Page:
Mahāmahopādhyāya Vidvān N. Ranganatha Sharma (1916-2014), who lived amongst us until recently was known for his thoroughness in traditional knowledge and clarity in understanding of śāstras. He made tremendous contribution in passing on knowledge and awakening of values in the society. Our country has only had a handful of men who paid back the ṛṣi-ṛṇa that was upon them – they paid back in large quantities and great quality – and among them, Ranganatha Sharma stands supreme.
There is one more episode worth narrating.
During 1938–39, he wrote a letter to me. It read as follows – “I have attached a letter of a person with this letter. It appears that he is facing great difficulties. Meet Dewan Mirza Ismail tomorrow and request him to help this person on behalf of both of us; obtain Mirza’s assurance and send me a written reply.”
It’s the irony of fate that on the exact day India achieved political independence—15th August 1947—Sitarama Shastri lost sight in his good eye and therefore became completely blind. Those days, there was an attempt to bring Daulat on screen, and in relation to that he had been travelling to many places. Noticing that his sight was becoming blurred he asked the then famous eye specialist Dr. B K Narayana Rao for a different pair of spectacles.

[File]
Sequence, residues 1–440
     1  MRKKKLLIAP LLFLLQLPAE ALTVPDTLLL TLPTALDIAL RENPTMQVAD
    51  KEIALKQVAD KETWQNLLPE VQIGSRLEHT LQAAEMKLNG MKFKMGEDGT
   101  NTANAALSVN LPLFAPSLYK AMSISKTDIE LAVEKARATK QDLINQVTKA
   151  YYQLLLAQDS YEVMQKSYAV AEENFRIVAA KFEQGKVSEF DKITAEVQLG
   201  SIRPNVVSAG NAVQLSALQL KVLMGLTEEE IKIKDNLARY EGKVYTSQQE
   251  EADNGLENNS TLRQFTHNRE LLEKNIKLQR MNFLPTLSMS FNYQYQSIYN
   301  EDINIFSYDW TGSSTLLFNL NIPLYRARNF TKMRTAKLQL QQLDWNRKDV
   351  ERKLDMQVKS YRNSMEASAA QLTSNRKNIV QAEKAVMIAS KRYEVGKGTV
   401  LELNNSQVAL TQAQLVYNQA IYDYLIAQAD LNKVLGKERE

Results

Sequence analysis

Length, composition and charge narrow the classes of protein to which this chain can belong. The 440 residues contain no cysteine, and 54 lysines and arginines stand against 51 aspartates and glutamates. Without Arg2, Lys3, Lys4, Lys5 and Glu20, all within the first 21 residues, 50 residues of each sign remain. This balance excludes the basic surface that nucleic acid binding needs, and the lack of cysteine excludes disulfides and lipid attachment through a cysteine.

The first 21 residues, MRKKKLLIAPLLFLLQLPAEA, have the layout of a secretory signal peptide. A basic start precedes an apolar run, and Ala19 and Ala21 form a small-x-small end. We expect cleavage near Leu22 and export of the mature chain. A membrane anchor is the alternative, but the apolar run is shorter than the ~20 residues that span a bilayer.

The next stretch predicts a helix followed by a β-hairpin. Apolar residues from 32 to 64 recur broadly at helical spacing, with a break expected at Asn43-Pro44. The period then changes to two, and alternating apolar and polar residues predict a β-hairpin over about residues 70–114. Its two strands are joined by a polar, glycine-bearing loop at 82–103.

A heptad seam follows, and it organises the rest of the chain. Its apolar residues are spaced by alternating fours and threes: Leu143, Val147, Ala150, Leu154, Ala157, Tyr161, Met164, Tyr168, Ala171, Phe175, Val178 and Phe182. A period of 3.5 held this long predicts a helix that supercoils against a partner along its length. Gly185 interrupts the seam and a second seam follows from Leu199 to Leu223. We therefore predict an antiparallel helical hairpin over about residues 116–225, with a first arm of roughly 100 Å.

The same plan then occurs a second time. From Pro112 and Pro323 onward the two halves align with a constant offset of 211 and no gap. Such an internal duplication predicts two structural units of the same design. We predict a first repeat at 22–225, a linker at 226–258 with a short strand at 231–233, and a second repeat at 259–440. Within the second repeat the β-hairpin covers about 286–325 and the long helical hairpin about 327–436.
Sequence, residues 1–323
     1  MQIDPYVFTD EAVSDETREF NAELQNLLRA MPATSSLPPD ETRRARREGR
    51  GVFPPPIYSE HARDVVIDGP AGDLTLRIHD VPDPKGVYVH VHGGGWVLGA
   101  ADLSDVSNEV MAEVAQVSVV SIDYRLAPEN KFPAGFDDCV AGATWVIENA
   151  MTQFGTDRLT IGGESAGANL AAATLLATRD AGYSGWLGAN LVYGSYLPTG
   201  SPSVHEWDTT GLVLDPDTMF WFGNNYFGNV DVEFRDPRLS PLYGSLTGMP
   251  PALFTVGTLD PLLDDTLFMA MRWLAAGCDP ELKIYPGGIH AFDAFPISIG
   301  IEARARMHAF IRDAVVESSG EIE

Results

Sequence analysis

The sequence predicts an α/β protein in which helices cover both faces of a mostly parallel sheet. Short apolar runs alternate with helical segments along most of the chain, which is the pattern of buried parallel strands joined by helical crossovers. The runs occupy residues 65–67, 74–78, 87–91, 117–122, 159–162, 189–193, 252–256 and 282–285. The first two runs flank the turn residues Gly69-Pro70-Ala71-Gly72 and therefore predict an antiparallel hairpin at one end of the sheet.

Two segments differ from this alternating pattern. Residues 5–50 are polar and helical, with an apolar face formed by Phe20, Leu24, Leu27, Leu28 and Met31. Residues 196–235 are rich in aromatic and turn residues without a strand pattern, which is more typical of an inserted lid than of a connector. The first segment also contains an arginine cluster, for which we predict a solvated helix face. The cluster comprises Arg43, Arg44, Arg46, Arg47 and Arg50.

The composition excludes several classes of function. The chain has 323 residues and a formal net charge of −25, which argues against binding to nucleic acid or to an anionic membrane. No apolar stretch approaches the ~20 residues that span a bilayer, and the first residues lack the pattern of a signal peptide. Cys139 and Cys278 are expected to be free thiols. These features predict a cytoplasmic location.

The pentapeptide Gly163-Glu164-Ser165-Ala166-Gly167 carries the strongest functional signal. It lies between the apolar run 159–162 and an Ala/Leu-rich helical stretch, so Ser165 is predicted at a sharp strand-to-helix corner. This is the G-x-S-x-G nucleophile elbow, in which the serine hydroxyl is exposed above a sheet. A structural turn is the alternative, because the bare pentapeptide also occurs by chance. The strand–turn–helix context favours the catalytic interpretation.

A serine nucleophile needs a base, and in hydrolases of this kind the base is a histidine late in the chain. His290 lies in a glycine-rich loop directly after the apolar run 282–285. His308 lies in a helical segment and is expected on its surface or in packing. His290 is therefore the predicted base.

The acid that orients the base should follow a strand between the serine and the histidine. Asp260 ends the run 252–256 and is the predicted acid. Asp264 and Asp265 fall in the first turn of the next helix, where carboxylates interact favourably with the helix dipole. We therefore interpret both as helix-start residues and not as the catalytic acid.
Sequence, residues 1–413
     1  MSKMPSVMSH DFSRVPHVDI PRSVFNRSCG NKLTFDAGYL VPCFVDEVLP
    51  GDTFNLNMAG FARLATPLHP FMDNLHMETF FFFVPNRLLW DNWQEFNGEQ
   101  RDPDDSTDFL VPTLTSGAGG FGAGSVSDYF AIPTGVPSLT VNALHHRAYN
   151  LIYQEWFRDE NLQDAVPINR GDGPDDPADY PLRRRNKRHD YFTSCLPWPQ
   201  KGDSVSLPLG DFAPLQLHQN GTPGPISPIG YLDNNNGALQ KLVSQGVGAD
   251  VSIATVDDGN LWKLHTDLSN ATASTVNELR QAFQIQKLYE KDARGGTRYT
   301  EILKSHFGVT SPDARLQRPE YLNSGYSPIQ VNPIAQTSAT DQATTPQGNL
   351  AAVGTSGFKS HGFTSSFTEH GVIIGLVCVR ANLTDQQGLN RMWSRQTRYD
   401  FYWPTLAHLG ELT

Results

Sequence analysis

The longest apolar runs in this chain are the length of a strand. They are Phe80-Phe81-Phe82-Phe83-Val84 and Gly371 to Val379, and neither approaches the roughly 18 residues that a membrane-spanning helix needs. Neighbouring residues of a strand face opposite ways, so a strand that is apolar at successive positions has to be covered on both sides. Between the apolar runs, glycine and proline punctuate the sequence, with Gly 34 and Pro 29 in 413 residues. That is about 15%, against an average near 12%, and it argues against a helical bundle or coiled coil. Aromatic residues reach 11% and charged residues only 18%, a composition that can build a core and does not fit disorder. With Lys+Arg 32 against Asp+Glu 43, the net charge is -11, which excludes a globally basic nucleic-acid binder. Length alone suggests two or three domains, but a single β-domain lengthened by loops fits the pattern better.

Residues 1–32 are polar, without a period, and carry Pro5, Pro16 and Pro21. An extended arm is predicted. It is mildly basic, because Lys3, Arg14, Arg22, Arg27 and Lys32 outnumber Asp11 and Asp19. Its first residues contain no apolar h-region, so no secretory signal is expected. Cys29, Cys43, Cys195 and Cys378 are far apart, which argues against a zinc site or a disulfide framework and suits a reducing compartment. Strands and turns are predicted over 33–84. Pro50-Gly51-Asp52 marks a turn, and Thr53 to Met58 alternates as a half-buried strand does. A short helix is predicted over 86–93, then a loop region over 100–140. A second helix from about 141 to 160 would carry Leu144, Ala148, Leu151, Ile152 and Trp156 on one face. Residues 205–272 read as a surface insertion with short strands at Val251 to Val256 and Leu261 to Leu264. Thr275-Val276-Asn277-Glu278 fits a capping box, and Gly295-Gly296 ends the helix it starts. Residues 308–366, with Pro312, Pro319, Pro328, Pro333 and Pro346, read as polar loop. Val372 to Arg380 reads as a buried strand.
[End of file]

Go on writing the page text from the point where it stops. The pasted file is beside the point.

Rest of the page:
Enthusiasm in Public Service
I have already mentioned that Venkatarama Shastri belonged to the tradition of Shivaswami Iyer. Both of them followed the same path in politics. It was a gentle path—the path of negotiation and persuasion—and neither revolutionary nor extreme. Both of them had a resolve to express their own views regarding any questions that arose in public matters. But the severity of that resolve was more pronounced in Venkatarama Shastri.
A Worshipper of Sweetness
V Si. had great respect for life. He wanted to find grace in life and in literature. He picked out graceful and sweet elements from works of art and it was this quality that shaped his life too. In V Si.’s view, a work that lacked direct connection with life was not a literary work at all.
T R Venkatarama Shastri can be called a disciple of Shivaswami Iyer. Sir S Varadachari, who retired after serving as a Federal Court judge and Venkatarama Shastri both practiced law in Shivaswami Iyer’s office and were assistants to him.
It is worth sharing how Venkatarama Shastri was appointed as an intern under Shivaswami Iyer.